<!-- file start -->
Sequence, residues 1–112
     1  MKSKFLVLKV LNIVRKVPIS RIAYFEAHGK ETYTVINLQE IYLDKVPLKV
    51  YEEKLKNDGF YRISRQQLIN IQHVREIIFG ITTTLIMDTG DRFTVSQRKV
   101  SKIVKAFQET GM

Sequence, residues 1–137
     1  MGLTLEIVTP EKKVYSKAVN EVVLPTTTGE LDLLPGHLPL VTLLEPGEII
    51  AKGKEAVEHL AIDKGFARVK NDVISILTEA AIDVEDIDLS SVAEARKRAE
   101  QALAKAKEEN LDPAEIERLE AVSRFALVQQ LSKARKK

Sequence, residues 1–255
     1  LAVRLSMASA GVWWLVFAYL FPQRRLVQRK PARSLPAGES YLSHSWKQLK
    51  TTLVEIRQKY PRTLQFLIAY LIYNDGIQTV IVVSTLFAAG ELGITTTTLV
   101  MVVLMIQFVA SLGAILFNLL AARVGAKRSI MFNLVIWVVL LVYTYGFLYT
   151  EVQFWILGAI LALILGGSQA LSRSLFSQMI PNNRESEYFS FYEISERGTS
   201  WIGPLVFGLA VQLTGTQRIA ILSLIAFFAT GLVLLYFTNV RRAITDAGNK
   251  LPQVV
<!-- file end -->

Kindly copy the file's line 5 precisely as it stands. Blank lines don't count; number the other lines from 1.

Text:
Sequence, residues 1–137